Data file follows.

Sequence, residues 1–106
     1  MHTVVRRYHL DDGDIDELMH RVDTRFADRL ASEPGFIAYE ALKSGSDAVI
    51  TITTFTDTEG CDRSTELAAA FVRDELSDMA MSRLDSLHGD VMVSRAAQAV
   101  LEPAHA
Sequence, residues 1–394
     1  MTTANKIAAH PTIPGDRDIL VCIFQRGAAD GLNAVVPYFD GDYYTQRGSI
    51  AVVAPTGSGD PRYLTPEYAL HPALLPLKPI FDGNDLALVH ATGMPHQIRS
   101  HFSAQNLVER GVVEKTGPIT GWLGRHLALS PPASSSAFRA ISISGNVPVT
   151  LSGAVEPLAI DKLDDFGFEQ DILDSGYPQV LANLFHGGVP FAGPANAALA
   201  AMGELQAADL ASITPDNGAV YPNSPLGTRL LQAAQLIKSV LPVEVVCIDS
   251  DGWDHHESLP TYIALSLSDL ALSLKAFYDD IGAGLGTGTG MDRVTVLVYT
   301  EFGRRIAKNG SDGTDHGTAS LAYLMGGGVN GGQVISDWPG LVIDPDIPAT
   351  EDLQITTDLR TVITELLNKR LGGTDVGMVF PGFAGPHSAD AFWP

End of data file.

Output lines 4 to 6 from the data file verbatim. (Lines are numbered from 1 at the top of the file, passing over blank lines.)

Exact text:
   101  LEPAHA
Sequence, residues 1–394
     1  MTTANKIAAH PTIPGDRDIL VCIFQRGAAD GLNAVVPYFD GDYYTQRGSI